Pancreatic cancer is widely considered to be lethal malignancy with incidence increase of1,23 fold
in the last 6 years (2010-2016)(1, 2), number of pancreatic cancer deaths
is estimated to overpass Colorectal and breast cancer deaths by the year 2030 (3).Therefore; Emerged the urgent need
for new treatment approaches and also pre-clinical validation tools for such a breakthrough. A system modelling
the development and biology of pancreatic carcinoma is needed, multiple methods
have been tested and all led to valuable clinical insights: Monolayer cell
lines(4), Genetically engineered murine model(5) ,Xenograft(6) and three dimensional cultures (7).
Recently Organotypic models have been introduced as system
replicating the complex 3D organization of Pancreatic adenocarcinoma(PDA) using
Matrigel (8, 9). However, only few trials were
undertaken to investigate therapeutic approaches using Pancreatic organoids(10) compared to well established models
of Intestinal and colonic organoids(11).
We propose to investigate retrospectively the ability of pancreatic
organoid model to predict therapeutic outcome using survival assays: gamma H2ax,
Apoptosis and Colony forming assay (CFA) to detect Patients radiation resistance
and correlate it to the available clinical outcome dataset of organoids source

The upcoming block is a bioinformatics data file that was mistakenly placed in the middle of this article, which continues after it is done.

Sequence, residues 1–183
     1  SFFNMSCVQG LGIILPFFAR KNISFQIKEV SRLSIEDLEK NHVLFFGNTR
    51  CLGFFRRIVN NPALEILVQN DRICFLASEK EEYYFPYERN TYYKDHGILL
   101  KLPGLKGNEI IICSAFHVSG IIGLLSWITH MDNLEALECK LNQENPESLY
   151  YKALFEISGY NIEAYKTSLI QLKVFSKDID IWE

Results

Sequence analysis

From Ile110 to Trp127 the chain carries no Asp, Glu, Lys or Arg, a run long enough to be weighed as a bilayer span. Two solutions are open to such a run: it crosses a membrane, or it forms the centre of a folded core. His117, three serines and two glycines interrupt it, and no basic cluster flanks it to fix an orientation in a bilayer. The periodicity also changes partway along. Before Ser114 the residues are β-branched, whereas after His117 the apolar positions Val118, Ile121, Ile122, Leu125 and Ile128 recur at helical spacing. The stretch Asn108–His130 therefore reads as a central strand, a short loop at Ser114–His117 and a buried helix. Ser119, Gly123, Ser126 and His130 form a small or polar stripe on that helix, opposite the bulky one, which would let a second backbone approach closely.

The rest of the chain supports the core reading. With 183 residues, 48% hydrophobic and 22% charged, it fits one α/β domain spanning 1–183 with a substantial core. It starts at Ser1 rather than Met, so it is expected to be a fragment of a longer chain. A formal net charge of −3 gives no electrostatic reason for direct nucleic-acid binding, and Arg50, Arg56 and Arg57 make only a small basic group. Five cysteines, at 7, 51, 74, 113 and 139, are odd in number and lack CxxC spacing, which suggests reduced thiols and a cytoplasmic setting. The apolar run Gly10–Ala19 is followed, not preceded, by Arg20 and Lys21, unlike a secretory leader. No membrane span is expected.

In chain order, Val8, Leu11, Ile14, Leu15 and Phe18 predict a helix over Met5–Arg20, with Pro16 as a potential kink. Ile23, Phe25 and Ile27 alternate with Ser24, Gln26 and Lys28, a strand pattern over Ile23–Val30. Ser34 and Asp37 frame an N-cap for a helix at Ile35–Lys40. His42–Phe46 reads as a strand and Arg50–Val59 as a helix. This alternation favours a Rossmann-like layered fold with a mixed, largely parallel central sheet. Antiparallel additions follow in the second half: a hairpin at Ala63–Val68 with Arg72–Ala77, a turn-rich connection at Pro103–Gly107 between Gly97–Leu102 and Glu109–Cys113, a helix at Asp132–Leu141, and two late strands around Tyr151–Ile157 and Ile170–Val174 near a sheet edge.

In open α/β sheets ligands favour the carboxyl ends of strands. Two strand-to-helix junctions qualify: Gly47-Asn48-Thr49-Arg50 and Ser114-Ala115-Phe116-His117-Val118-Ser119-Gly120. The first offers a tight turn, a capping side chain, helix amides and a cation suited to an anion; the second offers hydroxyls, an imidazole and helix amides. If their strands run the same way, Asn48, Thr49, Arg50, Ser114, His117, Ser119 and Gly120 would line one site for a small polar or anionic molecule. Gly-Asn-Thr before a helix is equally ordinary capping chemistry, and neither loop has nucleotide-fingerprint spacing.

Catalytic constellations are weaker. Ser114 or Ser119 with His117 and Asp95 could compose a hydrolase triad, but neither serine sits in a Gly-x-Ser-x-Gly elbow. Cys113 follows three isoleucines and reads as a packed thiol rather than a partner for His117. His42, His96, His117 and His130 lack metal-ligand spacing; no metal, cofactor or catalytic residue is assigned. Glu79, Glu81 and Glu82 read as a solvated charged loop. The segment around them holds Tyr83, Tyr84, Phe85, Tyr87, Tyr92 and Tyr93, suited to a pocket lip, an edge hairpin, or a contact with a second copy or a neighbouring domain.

patients as we hypotheses that tested Pancreatic organoid radiation therapy sensitivity/resistance
will have a good correlation to actual tumour response/progression. If such a study
were successful for Pancreatic cancer, then a prospective trial should follow on
the way to identify the personalized optimal treatment.
The Proposed work will be done as a master thesis project for
6 months (May-November 2018) and targeting to test 10-22 patient’s organoids sample
in a cooperation with Internal medicine department, Klinikum rechts der Isar, Technical
University of Munich where a living Organoids Bio Bank from Pancreatic cancer patient
is already established using fine needle aspirations (FNS) or resected
pancreatic tissue and is planned to be a part of academic research paper.